posted on Feb, 6 2006 @ 09:45 PM
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Originally posted by danwild6
Ok well what if we built entirely new airframes. Put the F-119 and all new avionics and radar systems. We can even incorporate a bit of stealth into the new F-15X Super Eagle


You could reduce the RCS a bit (The did that to the F-18 E/F, and the AESA radar actually reduces the RCS as well by eliminating that huge radar dish) but you would never get a huge reduction from it. Perhaps if you went to a tailess design.

However, even with the upgrades suggested in the intial post, you would have a great fighter for sure, but one that would still be unable to operate at the FEBA.

Now give it the AESA and a long range A2A missile then you have the ideal a/c for continental defence, crusie missile defence etc. Load it up with A2A's and you have a flying missile platform as mentioned above.

Waynos I would be interested in a flyoff between the F-15E and the Typhoon with its full air to ground set (Tranch 3 has it integrated right?). You would never be able to pitch it to the USAF as a air superiority fighter less it take $$$$ away from the Raptor, but perhaps as a JOAT like the F-18 to fill the strike/Interdiction role? as the F-15's fatigue life creeps up. At the very least, aquire a squadron to serve as the Red Flag agressor squad.



posted on Feb, 6 2006 @ 10:23 PM
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Zaphod,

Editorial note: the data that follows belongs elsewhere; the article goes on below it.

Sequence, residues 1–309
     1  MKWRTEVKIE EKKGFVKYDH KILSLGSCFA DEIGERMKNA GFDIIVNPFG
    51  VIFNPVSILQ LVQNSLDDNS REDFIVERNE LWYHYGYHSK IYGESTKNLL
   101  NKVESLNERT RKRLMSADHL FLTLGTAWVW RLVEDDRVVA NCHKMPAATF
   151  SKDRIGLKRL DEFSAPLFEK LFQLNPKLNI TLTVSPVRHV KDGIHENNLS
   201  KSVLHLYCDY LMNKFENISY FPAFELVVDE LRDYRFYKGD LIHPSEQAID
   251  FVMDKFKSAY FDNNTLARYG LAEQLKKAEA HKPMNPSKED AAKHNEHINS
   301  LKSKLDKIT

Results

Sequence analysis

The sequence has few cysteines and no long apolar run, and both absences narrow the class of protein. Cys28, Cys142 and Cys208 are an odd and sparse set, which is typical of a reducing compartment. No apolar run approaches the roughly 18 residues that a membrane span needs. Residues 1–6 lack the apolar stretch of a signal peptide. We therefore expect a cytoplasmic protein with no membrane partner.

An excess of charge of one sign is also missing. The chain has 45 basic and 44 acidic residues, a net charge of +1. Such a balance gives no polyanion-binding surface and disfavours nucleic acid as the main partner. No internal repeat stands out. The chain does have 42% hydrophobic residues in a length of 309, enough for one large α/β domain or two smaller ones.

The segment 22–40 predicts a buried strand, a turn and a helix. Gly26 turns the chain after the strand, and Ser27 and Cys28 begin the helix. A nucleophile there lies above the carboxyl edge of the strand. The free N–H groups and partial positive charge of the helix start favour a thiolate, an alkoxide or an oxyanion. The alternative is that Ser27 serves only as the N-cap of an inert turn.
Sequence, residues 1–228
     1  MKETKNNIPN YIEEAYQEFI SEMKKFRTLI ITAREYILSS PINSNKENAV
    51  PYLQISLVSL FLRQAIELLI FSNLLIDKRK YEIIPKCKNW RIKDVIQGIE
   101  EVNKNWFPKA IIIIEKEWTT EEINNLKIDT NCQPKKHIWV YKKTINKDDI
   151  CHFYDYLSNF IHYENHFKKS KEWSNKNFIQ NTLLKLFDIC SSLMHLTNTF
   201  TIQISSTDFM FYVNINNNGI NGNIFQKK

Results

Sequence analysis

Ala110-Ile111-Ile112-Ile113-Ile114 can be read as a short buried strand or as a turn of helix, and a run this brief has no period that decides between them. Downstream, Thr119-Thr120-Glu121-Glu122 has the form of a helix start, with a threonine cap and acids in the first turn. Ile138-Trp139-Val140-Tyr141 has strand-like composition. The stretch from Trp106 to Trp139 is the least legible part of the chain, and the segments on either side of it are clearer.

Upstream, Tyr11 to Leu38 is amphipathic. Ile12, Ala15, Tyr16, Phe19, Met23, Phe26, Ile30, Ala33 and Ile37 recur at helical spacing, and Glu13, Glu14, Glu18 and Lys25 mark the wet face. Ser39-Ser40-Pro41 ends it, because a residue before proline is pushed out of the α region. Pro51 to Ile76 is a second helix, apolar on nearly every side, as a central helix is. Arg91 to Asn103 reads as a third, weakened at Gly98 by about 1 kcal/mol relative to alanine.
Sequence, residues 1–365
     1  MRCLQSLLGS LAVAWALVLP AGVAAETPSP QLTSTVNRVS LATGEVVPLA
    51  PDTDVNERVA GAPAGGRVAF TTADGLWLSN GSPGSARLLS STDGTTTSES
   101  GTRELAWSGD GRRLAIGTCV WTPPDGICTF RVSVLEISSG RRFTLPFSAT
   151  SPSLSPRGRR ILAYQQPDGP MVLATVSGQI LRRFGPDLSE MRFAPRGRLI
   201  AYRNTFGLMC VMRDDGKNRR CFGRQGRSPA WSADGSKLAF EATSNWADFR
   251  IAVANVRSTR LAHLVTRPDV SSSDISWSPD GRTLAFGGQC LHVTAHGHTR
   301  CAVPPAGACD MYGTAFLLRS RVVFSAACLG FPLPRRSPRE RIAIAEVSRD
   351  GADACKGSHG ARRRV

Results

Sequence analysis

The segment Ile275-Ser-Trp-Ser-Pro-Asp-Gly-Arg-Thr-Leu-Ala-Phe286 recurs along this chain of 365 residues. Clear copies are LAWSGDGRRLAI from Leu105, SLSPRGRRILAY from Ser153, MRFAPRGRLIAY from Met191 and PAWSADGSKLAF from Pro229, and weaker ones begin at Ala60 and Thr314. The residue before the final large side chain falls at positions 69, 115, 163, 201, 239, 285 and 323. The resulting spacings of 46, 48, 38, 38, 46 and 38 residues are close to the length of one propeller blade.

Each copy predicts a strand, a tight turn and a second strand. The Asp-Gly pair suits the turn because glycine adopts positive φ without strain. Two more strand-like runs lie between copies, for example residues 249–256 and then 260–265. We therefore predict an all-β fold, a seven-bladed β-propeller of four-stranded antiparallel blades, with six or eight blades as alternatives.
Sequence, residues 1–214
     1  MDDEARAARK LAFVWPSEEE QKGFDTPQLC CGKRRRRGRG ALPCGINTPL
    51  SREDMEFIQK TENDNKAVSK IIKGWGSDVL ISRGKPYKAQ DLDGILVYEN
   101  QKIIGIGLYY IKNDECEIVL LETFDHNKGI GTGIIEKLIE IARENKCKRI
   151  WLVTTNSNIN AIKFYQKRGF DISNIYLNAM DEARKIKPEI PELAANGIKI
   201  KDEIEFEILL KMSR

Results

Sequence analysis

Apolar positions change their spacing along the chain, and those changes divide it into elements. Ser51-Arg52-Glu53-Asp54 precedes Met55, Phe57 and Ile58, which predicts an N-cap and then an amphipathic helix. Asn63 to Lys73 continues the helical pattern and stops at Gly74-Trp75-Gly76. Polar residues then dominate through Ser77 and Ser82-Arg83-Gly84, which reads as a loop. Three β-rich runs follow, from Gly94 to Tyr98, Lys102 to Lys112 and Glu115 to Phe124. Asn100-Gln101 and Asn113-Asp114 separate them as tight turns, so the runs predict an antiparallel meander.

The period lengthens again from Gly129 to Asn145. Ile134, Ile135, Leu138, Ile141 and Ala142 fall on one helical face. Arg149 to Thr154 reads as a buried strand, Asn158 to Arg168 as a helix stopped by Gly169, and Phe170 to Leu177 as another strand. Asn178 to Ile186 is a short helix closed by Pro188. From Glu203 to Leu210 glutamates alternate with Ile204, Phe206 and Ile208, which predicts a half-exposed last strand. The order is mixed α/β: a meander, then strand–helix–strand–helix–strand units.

>>
I find it interesting that the Golden Eagles, which are just F-15Cs with the AESA would suddenly have nose gear problems, when they didn't BEFORE AESA. The Golden Eagle is simply a REFIT of existing F-15Cs from what I read, which means they're exactly the same as was shown in those pics, except for the radar. But now suddenly they have weak nose gears?
>>

The APG-63V(2) is heavy, being based on largely similar 'brick' technology to that on the APG-77. As I recall they had to add 300-400lbs of ballast in the back end to keep the jet in trim.

That said, the same general kind of (save our program!) thing happened with sudden structural cracks in the primary wingspars and rear fuselage longerons of A-7's being 'discovered' when the 7F looked suitable to re-supplant the A-10 and most Guard Ds while 'allowing' for the actives F-16 fleet to upgrade to 229 engines (i.e. no new LGPOS production).

At under 4 million dollars for all airframes.

"We just lost the A-12, now they're after our Bread And Butter, quick, find a problem!!" sayeth the All-For-Texas lobby. And suddenly GD had economic security for another decades worth of F-16C.50s. Despite the fact that they couldn't drop bombs (no SAR mapping, no ATP-as-Sniper, no IAMs) any better than a C.25/.30 could in 1991.